I had passed this building many times before. It catches the attention of many people because of the large clock on the façade, which stands still at 11:05. It has been showing this time since the great earthquake that hit Thessaloniki in 1978. The doors to the clock got damaged and could no longer open. But there is much more to this building
The Jewish Allatini family gave instructions to construct a building to house the Bank of Thessaloniki around 1904-1907. The Italian architect Vitaliano Poselli designed the building, located in the garden of the estate of the Allatini. In 1917, the building was saved from the great fire of Thessaloniki. It was one of the few buildings in the district that survived the fire, another being the State Conservatory.
In the years that followed, the Bank of Thessaloniki kept operating, but finally, it closed down when the Nazis took over the building in 1940. After the war, the building was reopened, and it housed the Bank of Chios until 1954. In that year, the Voreopoulou family bought the building. They renamed the building Stoa Malakopi, or Malakopi Arcade, because the family had their origins there. The family refurbished the building to accommodate a commercial arcade, with food places and different kinds of shops.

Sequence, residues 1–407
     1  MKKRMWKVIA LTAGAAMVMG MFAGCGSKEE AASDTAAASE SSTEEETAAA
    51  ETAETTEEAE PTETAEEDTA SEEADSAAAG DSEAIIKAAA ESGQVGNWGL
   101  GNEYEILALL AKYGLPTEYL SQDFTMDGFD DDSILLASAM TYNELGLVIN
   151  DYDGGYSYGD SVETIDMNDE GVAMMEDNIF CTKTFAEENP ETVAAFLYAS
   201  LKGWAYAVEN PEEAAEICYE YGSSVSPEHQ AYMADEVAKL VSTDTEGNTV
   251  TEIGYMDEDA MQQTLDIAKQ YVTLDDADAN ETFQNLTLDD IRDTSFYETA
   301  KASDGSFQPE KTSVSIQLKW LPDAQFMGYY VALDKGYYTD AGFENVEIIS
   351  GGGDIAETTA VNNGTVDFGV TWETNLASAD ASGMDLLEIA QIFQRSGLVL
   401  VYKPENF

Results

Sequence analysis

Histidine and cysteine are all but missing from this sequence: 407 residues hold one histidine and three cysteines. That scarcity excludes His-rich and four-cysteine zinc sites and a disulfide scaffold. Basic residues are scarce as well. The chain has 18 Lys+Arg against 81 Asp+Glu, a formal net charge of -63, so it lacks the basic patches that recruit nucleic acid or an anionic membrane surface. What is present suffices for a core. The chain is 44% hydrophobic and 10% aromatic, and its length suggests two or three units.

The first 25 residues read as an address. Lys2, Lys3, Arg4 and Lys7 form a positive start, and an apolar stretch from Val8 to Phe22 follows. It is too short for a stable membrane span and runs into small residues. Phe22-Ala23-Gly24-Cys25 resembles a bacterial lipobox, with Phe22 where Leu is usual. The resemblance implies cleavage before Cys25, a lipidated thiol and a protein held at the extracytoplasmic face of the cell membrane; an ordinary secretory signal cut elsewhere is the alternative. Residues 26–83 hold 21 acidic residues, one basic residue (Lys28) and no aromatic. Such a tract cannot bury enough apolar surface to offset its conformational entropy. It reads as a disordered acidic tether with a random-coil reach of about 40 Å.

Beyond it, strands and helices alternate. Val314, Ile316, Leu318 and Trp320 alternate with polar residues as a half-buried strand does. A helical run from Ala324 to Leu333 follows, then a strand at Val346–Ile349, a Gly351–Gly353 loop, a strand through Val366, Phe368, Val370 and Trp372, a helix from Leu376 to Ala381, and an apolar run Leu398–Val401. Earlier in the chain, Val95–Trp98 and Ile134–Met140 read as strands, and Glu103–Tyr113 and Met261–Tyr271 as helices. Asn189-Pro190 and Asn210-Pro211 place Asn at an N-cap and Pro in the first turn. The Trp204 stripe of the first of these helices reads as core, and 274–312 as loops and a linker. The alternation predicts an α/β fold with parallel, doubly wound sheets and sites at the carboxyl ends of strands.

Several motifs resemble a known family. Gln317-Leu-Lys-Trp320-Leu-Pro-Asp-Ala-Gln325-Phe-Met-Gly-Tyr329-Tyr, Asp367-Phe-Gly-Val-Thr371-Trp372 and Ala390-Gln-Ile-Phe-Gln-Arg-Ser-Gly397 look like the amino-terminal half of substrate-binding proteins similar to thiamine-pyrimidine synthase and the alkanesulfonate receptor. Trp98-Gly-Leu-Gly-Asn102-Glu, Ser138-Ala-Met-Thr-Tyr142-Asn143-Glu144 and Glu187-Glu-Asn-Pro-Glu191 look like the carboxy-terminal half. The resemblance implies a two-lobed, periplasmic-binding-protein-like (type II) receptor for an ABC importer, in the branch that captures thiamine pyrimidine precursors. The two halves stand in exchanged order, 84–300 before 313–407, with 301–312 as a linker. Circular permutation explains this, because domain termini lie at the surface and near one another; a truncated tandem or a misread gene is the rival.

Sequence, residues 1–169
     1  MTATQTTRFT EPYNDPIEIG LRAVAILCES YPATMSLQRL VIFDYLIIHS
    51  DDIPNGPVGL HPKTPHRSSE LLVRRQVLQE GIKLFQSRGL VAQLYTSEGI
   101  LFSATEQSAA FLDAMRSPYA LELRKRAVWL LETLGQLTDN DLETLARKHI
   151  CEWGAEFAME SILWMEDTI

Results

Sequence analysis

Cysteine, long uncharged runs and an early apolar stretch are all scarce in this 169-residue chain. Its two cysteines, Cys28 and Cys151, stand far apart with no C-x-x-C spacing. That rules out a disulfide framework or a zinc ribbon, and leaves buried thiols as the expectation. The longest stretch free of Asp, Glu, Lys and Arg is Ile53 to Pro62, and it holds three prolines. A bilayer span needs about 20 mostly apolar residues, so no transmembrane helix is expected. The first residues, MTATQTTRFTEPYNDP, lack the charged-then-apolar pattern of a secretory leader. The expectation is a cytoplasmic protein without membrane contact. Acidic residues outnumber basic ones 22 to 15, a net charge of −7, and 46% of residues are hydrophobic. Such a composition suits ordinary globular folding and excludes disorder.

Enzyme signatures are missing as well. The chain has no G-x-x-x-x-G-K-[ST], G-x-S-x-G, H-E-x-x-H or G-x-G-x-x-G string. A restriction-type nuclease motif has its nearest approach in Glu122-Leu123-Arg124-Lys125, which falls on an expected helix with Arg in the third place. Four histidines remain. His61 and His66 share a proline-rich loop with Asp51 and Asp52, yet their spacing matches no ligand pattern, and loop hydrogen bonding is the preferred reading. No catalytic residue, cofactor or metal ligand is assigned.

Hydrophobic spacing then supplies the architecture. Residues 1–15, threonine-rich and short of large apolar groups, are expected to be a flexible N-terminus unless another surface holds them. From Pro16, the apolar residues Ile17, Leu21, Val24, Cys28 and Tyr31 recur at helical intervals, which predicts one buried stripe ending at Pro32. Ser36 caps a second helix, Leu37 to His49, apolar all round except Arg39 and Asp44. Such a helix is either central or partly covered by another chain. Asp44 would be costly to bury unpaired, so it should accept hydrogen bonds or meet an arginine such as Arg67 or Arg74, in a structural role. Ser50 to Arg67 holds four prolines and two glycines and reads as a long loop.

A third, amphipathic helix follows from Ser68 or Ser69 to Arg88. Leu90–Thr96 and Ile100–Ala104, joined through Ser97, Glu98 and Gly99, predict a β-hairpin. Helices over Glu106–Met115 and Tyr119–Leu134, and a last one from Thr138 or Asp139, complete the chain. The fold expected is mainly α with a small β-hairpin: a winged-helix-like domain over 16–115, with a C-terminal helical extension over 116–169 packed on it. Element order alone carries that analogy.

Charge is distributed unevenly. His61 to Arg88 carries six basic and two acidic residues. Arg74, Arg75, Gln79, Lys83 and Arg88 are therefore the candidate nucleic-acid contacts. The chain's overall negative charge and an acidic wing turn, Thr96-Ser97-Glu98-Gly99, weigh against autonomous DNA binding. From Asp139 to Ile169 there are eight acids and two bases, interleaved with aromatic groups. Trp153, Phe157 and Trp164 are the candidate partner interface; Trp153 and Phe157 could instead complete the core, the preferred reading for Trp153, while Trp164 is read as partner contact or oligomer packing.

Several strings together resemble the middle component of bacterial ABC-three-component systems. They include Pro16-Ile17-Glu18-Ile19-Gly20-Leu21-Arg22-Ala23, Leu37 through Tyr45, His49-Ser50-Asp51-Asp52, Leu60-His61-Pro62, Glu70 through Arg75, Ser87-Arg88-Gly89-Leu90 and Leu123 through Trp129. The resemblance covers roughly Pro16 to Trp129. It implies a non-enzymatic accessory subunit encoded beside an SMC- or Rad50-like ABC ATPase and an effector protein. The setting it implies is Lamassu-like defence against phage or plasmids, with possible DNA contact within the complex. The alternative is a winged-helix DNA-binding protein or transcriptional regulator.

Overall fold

Many different people have used the building in different ways, and we can still see this in different places. The building’s former function of a bank became clear especially when we went down to the cellar. A large, heavy metal door was there to protect the former Bank’s treasury. In later years, a toy store used the cellar as a storage: on the shelves, we saw some forgotten toys and packages. On the main floor of the arcade, there are several signs from companies that closed long ago.
But the building is still full of life. On the first floor, we encountered a designer of bridal fashion, which was using the space to exhibit some designs and to work. Other types of businesses, such as photo studios and offices, also use different parts of the arcade.